Encrypt Everything and Trust No One

You know your healthcare organization’s leadership is concerned with security – this much isn’t new. But mounting digital security concerns simply pile on to the basic patient privacy and security concerns already well known in all healthcare organizations. While other industries like retail contend with breaches of credit information, your responsibility is greater and more complicated. Breaches of healthcare data can involve much more sensitive information. You and every other member of the organization must act with due care to avoid harm to patients or their families. So, how do you protect your healthcare consumer data?

First, encrypt everything, everywhere possible. But don’t stop there!

Secondly, ensure that your systems (including vendor systems) adhere to the principle of least privilege, the concept that only authorized individuals, processes, or systems have access to information on a need-to-know basis. Key to this concept is proper assignment of roles and access rules for users.

Third, use constrained user interfaces. A constrained user interface is one that doesn’t even present the choice of functionality to a non-authorized user. So each user only sees the functions available to his or her account.

Fourth, audit all user actions, views, reports generated. Make a trail for forensic analysis by your security teams should a security or privacy investigation be merited.

The guidelines above are designed to avoid certain known problems – for example, granting access too widely. Consider the case where anyone who does have access to your consumer data ends up with access to all of your consumer data, no matter their role or knowledge of PHI (or other) compliance requirements.

Imagine also the case where data from your healthcare CRM is needed for a targeted campaign for free cancer screenings and is sent in batch to the marketing department to build a list for social advertising. Either someone with the essential PHI knowledge has to manually clean that data – a time consuming process – or the marketing department receives sensitive, unnecessary information about diagnoses and morbid conditions, violating PHI.

Now imagine a technology solution with built-in rules-based permissions so that different departments and roles can access only the information they need without seeing any private information that violates PHI. In our example above, your marketing department then has advanced capabilities for segmenting and modeling your consumer base in order to build a list for an audience with a propensity to respond to any number of campaigns for awareness or engagement while your clinical officers can build population health campaigns based on clinical data they’re allowed to have access to.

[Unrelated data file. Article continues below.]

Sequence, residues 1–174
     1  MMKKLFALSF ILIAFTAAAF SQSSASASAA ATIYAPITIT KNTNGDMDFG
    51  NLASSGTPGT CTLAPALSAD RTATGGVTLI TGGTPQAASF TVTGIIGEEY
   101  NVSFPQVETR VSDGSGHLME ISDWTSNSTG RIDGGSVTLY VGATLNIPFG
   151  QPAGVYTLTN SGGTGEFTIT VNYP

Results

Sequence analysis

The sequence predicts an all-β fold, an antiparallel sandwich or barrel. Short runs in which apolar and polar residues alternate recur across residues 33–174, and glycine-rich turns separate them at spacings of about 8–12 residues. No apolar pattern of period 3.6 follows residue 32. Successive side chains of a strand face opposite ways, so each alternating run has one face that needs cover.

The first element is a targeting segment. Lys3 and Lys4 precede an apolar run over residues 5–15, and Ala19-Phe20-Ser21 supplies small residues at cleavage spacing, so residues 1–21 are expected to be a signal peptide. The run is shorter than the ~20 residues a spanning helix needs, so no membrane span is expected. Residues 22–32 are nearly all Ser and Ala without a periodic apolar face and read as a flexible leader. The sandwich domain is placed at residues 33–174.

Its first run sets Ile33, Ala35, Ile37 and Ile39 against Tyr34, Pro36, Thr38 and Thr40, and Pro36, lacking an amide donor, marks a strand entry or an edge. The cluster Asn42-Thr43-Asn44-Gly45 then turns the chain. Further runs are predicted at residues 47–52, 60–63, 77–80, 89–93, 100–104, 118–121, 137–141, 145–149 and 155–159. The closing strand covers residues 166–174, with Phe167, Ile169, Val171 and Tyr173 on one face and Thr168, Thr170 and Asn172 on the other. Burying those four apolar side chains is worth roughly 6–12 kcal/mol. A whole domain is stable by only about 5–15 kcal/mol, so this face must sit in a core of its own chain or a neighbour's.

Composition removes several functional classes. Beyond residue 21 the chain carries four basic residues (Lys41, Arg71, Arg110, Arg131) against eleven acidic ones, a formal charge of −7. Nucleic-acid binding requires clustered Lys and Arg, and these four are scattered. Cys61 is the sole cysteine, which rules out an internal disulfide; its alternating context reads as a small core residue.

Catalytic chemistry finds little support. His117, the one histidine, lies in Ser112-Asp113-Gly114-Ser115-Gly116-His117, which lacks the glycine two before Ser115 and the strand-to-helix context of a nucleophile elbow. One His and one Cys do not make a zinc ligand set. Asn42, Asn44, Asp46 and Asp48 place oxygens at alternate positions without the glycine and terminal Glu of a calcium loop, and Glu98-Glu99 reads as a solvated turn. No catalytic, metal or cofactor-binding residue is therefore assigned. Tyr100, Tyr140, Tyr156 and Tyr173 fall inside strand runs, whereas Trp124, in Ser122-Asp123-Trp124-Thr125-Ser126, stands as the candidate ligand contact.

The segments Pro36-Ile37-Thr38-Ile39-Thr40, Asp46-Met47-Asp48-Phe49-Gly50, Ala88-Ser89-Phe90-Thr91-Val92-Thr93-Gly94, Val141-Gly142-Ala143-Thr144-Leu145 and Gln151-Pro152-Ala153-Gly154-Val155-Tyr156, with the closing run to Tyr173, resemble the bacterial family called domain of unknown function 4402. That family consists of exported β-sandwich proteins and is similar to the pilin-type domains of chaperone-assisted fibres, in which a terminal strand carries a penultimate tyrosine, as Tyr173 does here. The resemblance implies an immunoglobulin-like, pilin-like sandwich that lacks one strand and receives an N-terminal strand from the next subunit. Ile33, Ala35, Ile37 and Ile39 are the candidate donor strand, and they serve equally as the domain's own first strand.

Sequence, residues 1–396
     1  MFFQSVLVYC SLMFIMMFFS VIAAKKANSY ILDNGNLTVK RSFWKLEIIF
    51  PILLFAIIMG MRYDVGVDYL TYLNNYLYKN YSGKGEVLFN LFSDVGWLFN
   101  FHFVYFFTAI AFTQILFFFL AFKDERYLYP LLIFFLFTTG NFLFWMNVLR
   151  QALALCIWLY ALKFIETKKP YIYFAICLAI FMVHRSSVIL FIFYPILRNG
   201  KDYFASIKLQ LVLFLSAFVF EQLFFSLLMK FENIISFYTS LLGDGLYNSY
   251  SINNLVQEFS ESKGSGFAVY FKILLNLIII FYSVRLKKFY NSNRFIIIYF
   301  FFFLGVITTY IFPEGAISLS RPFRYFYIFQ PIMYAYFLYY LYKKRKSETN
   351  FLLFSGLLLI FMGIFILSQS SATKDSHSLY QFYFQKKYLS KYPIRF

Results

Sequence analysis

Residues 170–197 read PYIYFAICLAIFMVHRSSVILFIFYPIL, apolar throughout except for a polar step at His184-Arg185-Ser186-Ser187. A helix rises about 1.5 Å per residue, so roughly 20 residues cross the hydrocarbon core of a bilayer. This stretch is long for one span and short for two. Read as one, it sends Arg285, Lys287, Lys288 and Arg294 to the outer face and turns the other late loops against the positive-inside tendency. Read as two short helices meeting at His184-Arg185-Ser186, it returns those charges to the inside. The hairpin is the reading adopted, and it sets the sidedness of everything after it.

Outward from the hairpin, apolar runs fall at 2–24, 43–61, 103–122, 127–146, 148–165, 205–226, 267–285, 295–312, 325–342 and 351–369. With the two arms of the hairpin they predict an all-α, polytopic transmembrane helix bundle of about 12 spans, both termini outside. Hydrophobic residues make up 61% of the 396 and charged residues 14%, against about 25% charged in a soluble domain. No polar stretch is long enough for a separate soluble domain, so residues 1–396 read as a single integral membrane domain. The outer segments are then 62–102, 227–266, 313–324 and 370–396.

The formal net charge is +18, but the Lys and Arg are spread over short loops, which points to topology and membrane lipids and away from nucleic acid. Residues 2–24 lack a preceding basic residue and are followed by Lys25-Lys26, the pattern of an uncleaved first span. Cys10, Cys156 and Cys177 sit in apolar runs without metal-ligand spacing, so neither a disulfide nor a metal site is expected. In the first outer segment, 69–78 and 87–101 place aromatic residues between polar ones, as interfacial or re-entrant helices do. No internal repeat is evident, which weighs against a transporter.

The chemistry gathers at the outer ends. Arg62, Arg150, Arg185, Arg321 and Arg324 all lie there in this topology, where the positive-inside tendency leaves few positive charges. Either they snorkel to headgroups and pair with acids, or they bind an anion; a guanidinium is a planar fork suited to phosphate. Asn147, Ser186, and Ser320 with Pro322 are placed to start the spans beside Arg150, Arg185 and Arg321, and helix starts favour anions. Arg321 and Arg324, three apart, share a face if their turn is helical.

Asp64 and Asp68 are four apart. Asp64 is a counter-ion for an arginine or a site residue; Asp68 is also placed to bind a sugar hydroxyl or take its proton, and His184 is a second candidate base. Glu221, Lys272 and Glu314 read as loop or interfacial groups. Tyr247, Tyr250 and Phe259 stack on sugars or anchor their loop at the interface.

Why Rules Matter 
The age of information is here. We’re dealing with an amount of data unprecedented in human history. But, without knowing how to segment that data and create predictive models from it, it’s essentially useless. Marketers need: models to create look-alike audiences to create more engaging campaigns and personalization segmentation to create relevant and valuable content and offers plus advanced capabilities to send things like lapsed screening reminders based on when the last time a consumer had something like a mammogram with no diagnosis of breast cancer or mastectomy procedure.

Clinicians need: segments based on risk-level to help with population health and care coordination campaigns and segments for other communication from appointment and medication reminders to bill pay. Understanding big data and security for that data are and will continue to be major concerns for your healthcare organization. The key to protecting your consumers while still making use of your data is to have a foundation in known security practices such as least privilege. Finding a technology partner that understands these rules, and the importance of healthcare security specifically, will help turn your big data into actionable insights that drive better population health and consumer experiences.

Related Taxonomy
  - Privacy